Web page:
30 Mar On Yer Bike: Greg Albertyn
FMM Curator Wayne Harley gets all crossed up with memories of another South African motorcycling hero…
I often think of the names in South African motocross that I used to follow back in the day: Russell Campbell, Wayne Smith and a local Witbank boy I went to school with, Gary Nel. I would ride out on my bicycle or 50cc to the local MX track known as Mimosa Park, just outside Witbank, to watch the chaps racing. MX was and still is a family sport, and families would load up the VW Kombi, hook up the bikes and head out to the circuits scattered around South Africa, places such as Brickor, Back of the Moon and Syringa Spa. It was just such an amazing atmosphere; sounds of revving single-cylinder two-strokes and the smell of boerewors on a braai, methanol, two-stroke oil and dust. And it was at one of these many venues that a young South African boy by the name of Greg Albertyn most likely started his racing journey.
Greg was born in Johannesburg in 1973 and by the age of 12 had won his first title as 1985 National Mini-Cross Champion, a feat he would repeat in 1986 and 1987. In 1989, Greg had no sooner won the South African 125cc Junior Championship, when he packed his bags and moved to Europe to break into the European motocross scene. But he found it very difficult, and suffered a number of injuries as he battled to come to terms with how things worked abroad. However, Greg never lost faith in his goal and believed he could win every GP. Belief in himself finally prevailed when he won the 125cc World Championship riding for a private Honda team.
In 1993 he progressed to the 250cc class and at the end of that season was crowned champion. Greg was still racing in Europe in 1994 and wanted a factory ride with Honda, but the company felt it was not necessary as he was already riding for them as a privateer – and winning! This led to Greg switching from Honda to Suzuki to get factory backing, a decision he would regret in the early season of 1994 as the Suzuki was a terrible bike to ride, and he could not come to terms with it. It took Greg six rounds of the championship and endless development time before he scored his first win, which turned his season around in dramatic fashion because he went on to win the 250cc World Championship.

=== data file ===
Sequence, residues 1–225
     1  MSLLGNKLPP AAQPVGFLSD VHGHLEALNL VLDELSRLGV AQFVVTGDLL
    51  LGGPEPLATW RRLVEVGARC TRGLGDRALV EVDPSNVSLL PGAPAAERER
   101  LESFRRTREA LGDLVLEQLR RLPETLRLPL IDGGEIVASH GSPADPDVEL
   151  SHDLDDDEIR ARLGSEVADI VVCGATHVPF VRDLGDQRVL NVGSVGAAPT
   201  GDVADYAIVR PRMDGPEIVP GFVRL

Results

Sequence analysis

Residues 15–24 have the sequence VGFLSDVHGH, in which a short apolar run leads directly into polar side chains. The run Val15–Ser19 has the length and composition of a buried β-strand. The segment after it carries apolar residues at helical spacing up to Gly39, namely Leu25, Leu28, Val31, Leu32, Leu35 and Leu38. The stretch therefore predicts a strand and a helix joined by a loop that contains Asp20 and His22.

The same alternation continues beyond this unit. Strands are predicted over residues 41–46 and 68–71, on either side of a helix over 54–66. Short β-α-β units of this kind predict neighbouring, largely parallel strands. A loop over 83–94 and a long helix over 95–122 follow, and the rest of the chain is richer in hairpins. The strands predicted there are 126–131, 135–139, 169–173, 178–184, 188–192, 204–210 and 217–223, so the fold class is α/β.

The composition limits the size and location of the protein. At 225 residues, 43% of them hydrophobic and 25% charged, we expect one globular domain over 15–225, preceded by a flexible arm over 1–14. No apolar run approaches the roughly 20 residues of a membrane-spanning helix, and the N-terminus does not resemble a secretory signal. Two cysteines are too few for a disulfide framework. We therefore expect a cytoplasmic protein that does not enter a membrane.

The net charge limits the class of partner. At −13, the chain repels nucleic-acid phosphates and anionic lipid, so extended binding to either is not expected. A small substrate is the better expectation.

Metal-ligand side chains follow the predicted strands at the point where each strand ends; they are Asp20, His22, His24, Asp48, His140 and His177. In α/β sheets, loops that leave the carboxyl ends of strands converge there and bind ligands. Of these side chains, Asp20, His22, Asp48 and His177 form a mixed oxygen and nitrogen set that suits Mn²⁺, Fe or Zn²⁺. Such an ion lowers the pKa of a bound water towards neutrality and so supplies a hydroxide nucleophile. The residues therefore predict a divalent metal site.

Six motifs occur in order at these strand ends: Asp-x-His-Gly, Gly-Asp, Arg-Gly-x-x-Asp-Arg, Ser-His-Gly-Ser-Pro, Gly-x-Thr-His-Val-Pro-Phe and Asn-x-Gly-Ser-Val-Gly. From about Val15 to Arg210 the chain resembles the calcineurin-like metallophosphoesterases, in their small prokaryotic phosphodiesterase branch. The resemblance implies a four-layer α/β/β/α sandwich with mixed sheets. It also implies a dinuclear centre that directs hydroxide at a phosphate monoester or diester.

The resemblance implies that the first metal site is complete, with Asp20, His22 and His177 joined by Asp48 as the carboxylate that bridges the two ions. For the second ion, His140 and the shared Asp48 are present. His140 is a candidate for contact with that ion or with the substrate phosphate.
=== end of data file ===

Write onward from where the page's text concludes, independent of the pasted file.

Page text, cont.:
This allowed Greg to pursue his original dream of heading to the USA to race in the AMA motocross series. He now had the backing of Suzuki to accomplish this dream. As world champ, Greg used his influence to set up a team in the USA, which included Roger da Costa and Ian Harrison. But the dream was not sweet – his campaign started off badly and Supercross proved to be a bigger mountain to climb than he thought. Things did not go well. Greg also found the 1996 Suzuki RM250 to be one of the worst machines he had encountered and he had to push himself to keep up with the competition, often overdoing it, which accounted for a large number of accidents, falls and injuries. Later that year he finally won his first event, which restored his confidence.
At the start of the 1997 season he won the LA Supercross Opener, one of his fondest memories, which further boosted his confidence. This would be his only win during the year but at least he had five podium finishes, making it one of his better years. In 1998, Greg felt the opportunity to win that series was lost by having to race against the monstrous power of Doug Henry’s Yamaha YZM400 4-stroke, which raced against their 250cc 2-strokes. The unbelievable power and torque of Doug’s machine was definitely an advantage, but Greg is quoted as saying, “There were no hard feelings”.
In 1999, Greg believed it was his season and he was determined to give it his all, but after the first two rounds, he was lying 8th due to accidents. He was very close to giving it all up but at the High Point GP everything clicked, and in Greg’s own words, “It was the turning point of the season” as he went on to win the 1999 AMA 250cc National Championship.
Greg Albertyn remains one of South Africa’s motorcycling legends and is credited with three international World Championships, one USA AMA National Championship and four South African National Championships. Today, you can find Greg running a real estate development company in California, and periodically he still participates in selected events. And in true motocross spirit, every Sunday I’m sure you will find Greg riding along with friends and family.